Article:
As the experimental approaches employed in this field have expanded from conventional analyses of single markers (e.g., SOD and POD isoenzymes) to multiple markers, more aspects have been studied simultaneously, and the research has been extended to proteins with unknown functions. To examine differentially expressed proteins, researchers previously had to rely on 2D gels to detect differentially expressed spots or DIGE with fluorescent markers [79]. In efforts to increase sensitivity and accuracy, mass spectrometry has also been employed for protein identification. A combination of gel-based and gel-free proteomic techniques has also been used for the identification of soybean plasma membrane proteins under flooding [10, 11] or osmotic stress [12], suggesting that these two methods are complementary to one another for protein identification. However, the methods employed for protein identification are not usually organism specific and can be applied to a wide range of organisms.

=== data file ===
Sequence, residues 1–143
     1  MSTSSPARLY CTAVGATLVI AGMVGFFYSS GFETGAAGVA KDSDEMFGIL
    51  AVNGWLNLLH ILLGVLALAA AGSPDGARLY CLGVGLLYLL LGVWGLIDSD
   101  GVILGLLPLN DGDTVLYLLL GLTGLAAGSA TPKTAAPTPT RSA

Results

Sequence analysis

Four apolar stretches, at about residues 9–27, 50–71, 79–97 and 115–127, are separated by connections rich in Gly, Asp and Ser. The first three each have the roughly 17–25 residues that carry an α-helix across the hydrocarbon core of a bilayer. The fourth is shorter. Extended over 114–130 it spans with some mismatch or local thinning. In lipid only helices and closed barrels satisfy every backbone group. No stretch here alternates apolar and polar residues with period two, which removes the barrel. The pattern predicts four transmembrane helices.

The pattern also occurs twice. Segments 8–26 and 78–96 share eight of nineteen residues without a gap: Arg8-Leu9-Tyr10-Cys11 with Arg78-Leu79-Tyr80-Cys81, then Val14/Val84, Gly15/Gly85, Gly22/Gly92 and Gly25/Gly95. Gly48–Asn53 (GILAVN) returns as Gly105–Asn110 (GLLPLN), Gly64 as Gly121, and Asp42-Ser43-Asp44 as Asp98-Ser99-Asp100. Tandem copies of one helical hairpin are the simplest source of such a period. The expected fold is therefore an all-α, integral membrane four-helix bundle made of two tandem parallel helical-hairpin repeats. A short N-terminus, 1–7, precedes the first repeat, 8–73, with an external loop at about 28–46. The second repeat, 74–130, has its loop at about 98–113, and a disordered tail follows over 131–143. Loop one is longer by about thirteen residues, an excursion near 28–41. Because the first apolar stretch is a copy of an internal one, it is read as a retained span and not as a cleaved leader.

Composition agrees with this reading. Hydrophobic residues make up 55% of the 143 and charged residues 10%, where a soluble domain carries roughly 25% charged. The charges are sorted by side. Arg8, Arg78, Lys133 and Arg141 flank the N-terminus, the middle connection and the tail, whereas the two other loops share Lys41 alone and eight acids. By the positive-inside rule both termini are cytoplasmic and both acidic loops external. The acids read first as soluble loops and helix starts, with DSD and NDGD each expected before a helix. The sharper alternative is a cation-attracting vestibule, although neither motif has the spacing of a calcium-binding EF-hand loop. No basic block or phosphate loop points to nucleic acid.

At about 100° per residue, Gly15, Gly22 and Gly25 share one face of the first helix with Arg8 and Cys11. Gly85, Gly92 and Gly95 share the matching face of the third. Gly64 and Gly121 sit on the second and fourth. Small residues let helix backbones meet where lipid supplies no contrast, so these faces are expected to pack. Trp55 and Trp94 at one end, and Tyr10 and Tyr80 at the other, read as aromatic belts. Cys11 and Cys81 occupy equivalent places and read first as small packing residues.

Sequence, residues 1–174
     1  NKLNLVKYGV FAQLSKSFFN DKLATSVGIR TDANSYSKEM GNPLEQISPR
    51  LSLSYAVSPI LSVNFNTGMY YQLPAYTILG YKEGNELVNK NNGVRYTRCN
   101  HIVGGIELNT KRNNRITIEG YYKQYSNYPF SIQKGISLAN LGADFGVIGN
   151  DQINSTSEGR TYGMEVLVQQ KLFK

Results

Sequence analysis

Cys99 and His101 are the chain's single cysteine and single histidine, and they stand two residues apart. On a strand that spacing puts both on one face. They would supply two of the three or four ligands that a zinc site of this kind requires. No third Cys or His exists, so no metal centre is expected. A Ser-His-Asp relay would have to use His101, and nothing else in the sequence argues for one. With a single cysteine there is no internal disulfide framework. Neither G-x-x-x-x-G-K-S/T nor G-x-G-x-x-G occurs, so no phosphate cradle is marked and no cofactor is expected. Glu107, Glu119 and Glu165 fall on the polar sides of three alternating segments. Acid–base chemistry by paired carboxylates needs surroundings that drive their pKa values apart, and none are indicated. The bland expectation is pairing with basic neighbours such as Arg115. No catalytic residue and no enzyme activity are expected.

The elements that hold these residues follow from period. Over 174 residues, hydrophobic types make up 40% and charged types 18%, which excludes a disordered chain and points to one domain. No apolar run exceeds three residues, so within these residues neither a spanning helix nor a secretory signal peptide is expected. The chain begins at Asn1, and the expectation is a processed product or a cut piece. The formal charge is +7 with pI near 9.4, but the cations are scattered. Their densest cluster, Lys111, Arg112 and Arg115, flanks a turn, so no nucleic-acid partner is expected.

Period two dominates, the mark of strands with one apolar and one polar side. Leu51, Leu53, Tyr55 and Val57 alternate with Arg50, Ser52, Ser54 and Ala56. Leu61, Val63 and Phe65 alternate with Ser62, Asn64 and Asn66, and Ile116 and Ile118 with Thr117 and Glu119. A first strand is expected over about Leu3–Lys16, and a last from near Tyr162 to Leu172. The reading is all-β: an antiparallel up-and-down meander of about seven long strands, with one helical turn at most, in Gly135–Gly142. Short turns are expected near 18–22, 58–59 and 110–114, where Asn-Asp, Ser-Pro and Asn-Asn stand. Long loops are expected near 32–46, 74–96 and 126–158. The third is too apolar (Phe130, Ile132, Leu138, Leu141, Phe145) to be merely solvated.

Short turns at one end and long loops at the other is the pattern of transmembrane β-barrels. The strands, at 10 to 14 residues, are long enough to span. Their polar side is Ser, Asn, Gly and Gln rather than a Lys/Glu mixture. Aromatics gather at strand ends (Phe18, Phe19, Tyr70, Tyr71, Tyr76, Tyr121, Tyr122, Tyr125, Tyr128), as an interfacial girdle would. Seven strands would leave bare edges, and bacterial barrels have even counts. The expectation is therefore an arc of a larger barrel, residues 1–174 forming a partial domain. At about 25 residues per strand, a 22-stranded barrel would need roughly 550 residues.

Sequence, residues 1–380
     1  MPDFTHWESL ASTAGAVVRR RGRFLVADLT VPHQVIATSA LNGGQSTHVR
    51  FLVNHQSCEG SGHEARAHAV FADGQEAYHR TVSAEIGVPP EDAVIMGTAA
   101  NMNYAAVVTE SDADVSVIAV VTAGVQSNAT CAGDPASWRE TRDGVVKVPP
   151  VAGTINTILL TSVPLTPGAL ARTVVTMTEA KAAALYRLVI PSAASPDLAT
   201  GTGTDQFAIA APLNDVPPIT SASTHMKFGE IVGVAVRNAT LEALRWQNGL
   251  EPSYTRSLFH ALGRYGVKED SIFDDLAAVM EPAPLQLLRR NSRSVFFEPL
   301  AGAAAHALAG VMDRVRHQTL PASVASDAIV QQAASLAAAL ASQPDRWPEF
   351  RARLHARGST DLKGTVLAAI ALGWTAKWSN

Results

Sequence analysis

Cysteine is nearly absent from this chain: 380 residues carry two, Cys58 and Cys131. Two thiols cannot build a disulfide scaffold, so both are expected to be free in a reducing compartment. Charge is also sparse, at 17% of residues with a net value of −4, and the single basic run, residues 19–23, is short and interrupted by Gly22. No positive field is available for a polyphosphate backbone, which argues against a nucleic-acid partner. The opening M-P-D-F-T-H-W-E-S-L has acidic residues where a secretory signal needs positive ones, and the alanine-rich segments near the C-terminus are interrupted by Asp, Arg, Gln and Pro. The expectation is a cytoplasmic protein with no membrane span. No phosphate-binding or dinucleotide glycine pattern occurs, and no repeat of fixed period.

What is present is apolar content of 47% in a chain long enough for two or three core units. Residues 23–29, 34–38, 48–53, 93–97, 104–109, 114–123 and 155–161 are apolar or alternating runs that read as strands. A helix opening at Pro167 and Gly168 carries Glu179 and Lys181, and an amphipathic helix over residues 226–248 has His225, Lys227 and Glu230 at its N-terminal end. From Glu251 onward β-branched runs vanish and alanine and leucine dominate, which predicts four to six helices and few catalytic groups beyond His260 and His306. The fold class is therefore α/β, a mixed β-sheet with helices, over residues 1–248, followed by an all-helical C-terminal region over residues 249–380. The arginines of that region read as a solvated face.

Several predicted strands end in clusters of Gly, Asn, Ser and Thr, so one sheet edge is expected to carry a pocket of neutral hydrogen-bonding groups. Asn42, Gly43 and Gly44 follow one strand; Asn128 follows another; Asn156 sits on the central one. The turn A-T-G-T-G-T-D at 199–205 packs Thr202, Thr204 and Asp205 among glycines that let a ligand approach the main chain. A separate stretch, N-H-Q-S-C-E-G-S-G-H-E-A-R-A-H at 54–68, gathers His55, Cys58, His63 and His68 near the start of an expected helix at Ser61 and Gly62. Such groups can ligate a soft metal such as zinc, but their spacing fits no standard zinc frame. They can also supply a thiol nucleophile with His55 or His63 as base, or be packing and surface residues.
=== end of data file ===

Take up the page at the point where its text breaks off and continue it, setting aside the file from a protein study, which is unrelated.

iTRAQ (isobaric tags for relative and absolute quantitation) is a non-gel-based protein identification and quantification technique involving isotope labelling that was recently developed for the absolute and relative quantification of proteins. iTRAQ has become one of the major quantification tools used in differential proteomic research [13]. For years, 2D electrophoresis was one of the main methods applied to the study of differences in protein content in biological samples [7]. In this approach, samples are labelled with different dyes and subjected to differential in-gel electrophoresis (DIGE); the differentially expressed gel spots are then excised and analysed using mass spectrometry. In contrast to this older method, the iTRAQ technique involves a combination of multi-dimensional liquid chromatography and tandem mass spectrometry. iTRAQ can be used to analyse several samples within one assay, and no gel electrophoresis is necessary, which avoids the loss of either small molecules (<10 kD) or large molecules (>200 kD). Furthermore, because there is no electrophoresis involved in iTRAQ, this method can reduce the analytical bias caused by different hydrophilicities, abundances, or isoelectric points, and the applied isotope labelling increases the sensitivity and accuracy. Many studies have demonstrated that iTRAQ is an effective method for examining proteins that show differential expression under different physiological conditions or pathological conditions. Ross [14] pioneered the application of iTRAQ to wild-type and two mutant Saccharomyces cerevisiae samples and revealed differential protein expression patterns. The iTRAQ technique is currently mainly employed in medical research, and there are few reports of its use in plant applications. For example, a proteomic analysis of Thermobifida fusca membrane proteins under conditions involving a lack of cellulose was reported based on the iTRAQ method [15], and Ping Lan [16] revealed the protein profile of Arabidopsis roots under iron homeostasis using iTRAQ.